of European countries.
Health economics evaluations must not only take into account
direct costs and effects, but also indirect effects such as
productivity gains. The Medicines Agency's guidelines for
applications for reimbursement allow for this. This is essential
for avoiding undesirable "silo thinking" which causes the social
perspective of the analyses to be lost.
LMI understands that the authorities wish to promote the use of
the most cost-effective drugs on the market. However, in the work
of evaluating health economic analyses and in the focus on
cost-effectiveness, one must not forget considerations such as:
- identifying the drugs that are of GREATEST BENEFIT to the
- assuring the general public of RAPID ACCESS to these
- assuring the AVAILABILITY of several alternative medicines
- valuing INNOVATION which gives added therapeutic value to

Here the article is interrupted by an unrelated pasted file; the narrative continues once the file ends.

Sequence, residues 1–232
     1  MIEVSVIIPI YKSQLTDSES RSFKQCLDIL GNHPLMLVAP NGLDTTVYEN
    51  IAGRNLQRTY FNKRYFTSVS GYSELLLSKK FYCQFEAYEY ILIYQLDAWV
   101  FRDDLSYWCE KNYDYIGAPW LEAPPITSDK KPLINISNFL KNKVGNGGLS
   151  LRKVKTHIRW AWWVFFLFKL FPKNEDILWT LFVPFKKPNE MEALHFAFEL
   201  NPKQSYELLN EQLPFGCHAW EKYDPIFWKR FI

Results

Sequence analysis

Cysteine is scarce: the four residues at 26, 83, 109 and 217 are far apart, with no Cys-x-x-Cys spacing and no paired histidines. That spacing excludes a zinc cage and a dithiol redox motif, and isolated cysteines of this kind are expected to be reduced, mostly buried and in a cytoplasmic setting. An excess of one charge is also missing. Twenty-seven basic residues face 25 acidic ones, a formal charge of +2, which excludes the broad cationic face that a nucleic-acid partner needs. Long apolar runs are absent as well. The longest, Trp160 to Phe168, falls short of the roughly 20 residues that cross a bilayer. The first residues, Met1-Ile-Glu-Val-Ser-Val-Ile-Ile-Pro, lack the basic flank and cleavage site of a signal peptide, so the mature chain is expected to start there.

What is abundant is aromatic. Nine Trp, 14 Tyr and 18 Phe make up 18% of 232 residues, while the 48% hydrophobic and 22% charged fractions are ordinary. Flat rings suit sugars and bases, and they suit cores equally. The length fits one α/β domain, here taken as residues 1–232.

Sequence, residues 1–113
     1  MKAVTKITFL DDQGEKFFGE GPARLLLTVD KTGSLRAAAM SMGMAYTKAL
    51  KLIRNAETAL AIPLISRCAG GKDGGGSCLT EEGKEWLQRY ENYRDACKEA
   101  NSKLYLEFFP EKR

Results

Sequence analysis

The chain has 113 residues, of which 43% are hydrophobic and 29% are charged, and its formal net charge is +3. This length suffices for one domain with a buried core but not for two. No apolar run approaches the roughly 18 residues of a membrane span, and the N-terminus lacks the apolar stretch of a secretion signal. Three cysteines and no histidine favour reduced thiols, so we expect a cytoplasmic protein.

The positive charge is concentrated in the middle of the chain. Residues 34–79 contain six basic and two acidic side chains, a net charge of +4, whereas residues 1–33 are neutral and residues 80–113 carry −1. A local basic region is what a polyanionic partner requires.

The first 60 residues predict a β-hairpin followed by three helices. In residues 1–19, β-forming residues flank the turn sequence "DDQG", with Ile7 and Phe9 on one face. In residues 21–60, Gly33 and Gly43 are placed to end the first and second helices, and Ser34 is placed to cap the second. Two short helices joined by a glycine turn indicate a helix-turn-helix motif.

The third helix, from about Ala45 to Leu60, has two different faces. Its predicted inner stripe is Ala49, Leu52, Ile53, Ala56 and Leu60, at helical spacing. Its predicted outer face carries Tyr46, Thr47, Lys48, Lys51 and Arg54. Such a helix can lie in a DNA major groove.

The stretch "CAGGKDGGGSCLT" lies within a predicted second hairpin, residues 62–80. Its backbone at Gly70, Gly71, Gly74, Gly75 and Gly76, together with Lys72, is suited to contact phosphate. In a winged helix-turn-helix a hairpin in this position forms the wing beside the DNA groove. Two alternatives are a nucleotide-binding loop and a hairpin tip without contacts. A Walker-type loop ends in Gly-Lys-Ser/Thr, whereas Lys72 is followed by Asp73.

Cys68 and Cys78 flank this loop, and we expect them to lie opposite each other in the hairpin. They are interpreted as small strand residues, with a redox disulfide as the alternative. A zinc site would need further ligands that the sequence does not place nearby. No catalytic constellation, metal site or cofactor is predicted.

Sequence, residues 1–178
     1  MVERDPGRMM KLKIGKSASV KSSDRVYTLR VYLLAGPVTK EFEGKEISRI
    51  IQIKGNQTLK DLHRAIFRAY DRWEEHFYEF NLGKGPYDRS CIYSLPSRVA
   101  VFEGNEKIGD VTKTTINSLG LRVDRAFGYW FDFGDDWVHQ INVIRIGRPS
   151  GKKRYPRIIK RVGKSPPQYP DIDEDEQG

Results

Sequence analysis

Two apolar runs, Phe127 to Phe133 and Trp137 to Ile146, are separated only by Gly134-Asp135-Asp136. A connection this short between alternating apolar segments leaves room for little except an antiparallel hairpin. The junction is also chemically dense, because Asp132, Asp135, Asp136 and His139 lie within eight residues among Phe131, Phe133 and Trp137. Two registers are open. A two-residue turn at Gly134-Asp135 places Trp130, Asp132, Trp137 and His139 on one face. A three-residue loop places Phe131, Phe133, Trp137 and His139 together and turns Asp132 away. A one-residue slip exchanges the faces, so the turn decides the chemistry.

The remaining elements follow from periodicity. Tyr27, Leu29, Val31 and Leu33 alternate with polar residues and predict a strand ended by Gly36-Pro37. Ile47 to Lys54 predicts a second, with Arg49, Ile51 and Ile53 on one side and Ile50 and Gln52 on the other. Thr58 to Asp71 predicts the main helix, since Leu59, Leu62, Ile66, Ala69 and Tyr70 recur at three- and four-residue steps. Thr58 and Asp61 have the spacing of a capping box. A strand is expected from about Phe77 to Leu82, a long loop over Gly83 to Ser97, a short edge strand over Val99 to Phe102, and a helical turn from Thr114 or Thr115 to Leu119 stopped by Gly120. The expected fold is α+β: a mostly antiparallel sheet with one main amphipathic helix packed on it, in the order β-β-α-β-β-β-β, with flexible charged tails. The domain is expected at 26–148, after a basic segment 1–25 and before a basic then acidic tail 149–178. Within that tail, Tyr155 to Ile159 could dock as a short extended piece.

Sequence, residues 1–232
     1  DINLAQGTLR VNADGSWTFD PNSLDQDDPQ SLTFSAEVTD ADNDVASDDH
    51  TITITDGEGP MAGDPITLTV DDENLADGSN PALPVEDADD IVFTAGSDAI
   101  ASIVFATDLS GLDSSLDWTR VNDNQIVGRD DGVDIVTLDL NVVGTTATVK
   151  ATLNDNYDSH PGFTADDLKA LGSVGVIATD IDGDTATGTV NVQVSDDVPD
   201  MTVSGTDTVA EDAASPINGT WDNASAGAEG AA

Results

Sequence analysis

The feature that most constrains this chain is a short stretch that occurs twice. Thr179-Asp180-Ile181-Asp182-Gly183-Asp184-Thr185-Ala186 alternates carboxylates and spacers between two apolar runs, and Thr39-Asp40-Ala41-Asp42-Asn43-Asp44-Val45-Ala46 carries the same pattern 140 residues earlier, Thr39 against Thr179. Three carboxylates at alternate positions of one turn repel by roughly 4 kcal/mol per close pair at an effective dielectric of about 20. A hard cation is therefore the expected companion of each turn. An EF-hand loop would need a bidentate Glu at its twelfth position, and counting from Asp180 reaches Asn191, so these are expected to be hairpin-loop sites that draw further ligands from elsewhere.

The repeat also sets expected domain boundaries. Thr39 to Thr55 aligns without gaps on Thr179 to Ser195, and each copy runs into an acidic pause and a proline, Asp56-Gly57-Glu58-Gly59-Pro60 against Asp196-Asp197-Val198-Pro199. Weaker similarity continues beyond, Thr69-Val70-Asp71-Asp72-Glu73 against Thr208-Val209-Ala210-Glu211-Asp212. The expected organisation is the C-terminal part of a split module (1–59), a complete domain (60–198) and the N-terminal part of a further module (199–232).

There is broad agreement on these considerations among European
The placing of value on innovation is critical for enabling a
pharmaceuticals market to develop new and better drugs. Innovation
in the pharmaceuticals market tends to come in small steps - small
improvements for large or small patient groups. Innovation may be
valued in a number of ways - through pricing, assuring turnover
volume, therapeutic guidelines and effective access to the
Guidelines and transparent processes
Health economics analyses must be carried out against a backdrop
of agreed guidelines based in health economics environments. The
analyses must be assessed in transparent, balanced and open
processes. The processes surrounding health economics analyses must
include the pharmaceutical industry, medical and heath economics
expertise and the patients. Thus the Blue Prescription Board plays
an important supporting role in the Norwegian Medicines Agency's
case processing, and in some processes, for example in connection
with review of reimbursement status, it will be natural to
circulate cases to the parties concerned for comment.
Handling of uncertainty in health economics analyses -
There will always be uncertainty associated with health economics
analyses. Decision-makers should show flexibility in the handling